In 2016–17 Scope Global continued as the largest delivery partner under the Australian Volunteers for International Development (AVID) program. AVID contributes to Australia’s overseas aid program by strengthening capacity of local host organisations and developing people-to-people linkages between Australia and developing countries.
Scope Global managed 656 volunteers across 15 countries through Asia and the Pacific during the year, including placing 349 new volunteers with organisations that host volunteers.
Our team developed volunteer assignments with 447 host organisations across a broad range of organisation types and assignment sectors that align with the Australian Government’s aid, trade and foreign policy priorities. This included a significant focus on fostering private sector economic development to improve the livelihoods of local people and communities.
One of AVID’s strengths is the diversity of the volunteer community and a key focus over recent years has been enhancing inclusiveness. Targeted initiatives increased participation of people with disability and we achieved with our largest participation rate so far of people living with a disability.
Case Study 1: Best practices in disability inclusion
In 2015 Scope Global designed the Disability Empowerment Skills Exchange (DESE), a world first for inclusive team-based international volunteering. DESE connects skilled Australians who have lived experience of disability with partners in the Asia-Pacific region to share knowledge, combat stereotypes and develop leadership for disability empowerment.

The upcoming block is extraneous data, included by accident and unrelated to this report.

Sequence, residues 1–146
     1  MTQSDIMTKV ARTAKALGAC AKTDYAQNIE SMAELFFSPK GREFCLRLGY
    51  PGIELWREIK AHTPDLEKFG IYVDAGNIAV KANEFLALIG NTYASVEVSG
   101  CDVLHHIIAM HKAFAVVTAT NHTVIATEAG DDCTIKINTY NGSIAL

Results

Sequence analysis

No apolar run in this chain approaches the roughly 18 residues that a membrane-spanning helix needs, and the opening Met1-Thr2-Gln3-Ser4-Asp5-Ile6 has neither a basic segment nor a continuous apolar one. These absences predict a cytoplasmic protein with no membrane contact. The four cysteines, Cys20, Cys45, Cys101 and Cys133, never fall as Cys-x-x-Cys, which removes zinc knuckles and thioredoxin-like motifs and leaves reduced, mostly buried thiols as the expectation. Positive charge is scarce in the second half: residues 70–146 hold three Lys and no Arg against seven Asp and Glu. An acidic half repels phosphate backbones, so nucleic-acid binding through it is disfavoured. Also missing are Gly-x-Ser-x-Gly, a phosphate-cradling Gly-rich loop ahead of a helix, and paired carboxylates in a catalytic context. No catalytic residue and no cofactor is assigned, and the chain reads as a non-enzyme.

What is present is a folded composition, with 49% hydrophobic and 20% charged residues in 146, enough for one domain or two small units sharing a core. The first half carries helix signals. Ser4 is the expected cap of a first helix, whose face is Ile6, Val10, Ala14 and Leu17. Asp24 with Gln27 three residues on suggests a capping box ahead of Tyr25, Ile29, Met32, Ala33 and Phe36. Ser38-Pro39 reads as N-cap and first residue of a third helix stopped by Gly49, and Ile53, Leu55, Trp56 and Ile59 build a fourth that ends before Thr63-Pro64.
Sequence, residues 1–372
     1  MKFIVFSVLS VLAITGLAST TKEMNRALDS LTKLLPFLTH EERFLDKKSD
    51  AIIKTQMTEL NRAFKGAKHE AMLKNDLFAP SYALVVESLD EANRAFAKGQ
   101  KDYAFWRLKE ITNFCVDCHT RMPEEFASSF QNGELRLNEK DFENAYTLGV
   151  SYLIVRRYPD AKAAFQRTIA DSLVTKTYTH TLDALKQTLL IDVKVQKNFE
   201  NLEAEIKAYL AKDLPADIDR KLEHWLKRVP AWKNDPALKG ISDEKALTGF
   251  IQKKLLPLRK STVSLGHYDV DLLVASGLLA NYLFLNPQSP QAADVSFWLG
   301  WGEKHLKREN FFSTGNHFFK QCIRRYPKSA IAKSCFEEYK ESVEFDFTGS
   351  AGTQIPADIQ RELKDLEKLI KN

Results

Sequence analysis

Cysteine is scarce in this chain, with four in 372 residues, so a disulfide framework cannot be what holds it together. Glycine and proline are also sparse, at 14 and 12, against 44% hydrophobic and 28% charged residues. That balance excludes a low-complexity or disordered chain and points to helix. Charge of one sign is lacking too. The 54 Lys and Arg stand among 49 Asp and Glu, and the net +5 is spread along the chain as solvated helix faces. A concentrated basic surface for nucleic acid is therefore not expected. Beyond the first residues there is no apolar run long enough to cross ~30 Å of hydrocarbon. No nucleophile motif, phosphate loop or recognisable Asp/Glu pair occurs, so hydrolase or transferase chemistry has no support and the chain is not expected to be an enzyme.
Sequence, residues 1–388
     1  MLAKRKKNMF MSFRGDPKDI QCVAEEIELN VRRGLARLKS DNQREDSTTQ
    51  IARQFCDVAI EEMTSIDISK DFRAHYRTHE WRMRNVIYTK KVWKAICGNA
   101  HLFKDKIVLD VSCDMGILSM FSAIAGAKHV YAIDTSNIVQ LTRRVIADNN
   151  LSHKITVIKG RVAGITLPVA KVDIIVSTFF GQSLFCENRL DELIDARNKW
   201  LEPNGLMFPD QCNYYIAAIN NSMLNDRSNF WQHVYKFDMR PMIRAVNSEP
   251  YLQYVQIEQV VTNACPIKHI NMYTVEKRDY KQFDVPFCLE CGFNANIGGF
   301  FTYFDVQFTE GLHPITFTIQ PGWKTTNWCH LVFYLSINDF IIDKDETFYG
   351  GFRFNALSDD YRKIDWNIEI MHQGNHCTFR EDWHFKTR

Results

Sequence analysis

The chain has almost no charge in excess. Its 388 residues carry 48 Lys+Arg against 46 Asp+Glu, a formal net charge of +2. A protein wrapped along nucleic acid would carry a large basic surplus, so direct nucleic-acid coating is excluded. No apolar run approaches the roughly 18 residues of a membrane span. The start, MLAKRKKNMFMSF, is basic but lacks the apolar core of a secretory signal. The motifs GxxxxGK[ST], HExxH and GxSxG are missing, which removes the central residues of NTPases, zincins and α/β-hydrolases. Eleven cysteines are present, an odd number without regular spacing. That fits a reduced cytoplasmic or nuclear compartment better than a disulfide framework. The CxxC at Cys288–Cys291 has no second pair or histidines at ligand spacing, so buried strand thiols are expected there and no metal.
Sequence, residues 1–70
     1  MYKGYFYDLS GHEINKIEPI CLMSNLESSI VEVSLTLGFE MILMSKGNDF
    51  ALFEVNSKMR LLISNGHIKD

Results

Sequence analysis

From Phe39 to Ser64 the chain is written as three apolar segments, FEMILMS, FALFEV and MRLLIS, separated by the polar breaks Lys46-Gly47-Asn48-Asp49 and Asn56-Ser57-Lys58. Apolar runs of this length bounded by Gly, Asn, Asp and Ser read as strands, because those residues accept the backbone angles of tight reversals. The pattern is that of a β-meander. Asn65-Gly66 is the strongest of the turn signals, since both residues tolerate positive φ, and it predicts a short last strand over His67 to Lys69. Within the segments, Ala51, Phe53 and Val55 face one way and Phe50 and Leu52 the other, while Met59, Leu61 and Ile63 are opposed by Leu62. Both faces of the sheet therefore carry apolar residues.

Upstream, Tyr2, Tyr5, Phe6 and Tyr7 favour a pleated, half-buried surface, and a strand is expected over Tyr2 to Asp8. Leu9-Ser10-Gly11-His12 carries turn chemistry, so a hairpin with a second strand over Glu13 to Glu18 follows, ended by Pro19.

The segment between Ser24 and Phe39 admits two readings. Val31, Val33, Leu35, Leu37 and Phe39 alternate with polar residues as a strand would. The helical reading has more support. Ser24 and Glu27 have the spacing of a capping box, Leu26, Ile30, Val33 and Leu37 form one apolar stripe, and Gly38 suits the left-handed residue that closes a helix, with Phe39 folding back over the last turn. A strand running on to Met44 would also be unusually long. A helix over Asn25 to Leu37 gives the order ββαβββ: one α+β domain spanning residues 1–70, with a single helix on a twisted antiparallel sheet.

In 2017 the second and third skills exchanges mobilised to Fiji and Laos to partner with the Fiji Ministry of Education Special and Inclusive Education Unit, the Laos Disabled Women’s Development Centre and the Laos Disabled People’s Association.
The DESE teams cumulatively reached 693 local people via 30 activities that included people with disability acting as co-trainers and facilitators. Outcomes included:
The initiative has been recognised domestically and internationally for its inclusive model, bilateral capacity development outcomes and significant reach, engagement and public diplomacy outcomes with communities in Australia, Fiji and Laos.
Case Study 2: A world beyond boundaries: partnering with CommBank to support returned Australian volunteers
Many Australian volunteers return home from their assignments inspired by their experience and are keen to step up and find new solutions to problems they have encountered, whether on their assignment or at home.
In June 2017, 20 returned Australian volunteers gathered to attend a two-day workshop delivered in partnership with the CommBank Innovation Lab in Sydney. The applicants were selected through a competitive process open to all members of the Returned Australian Volunteer Network.
The workshop helped returned volunteers realise their potential as change-makers by introducing them to contemporary models of design thinking and experimentation, and taking them through the innovation process from idea to execution.
“What the lab taught me is that we should think about the end user – think about customers and think about how we can solve problems from a demand side rather than from a supply side,” said returned volunteer Gobie Rajalingam, who is looking to create new opportunities for food tourism in Timor-Leste.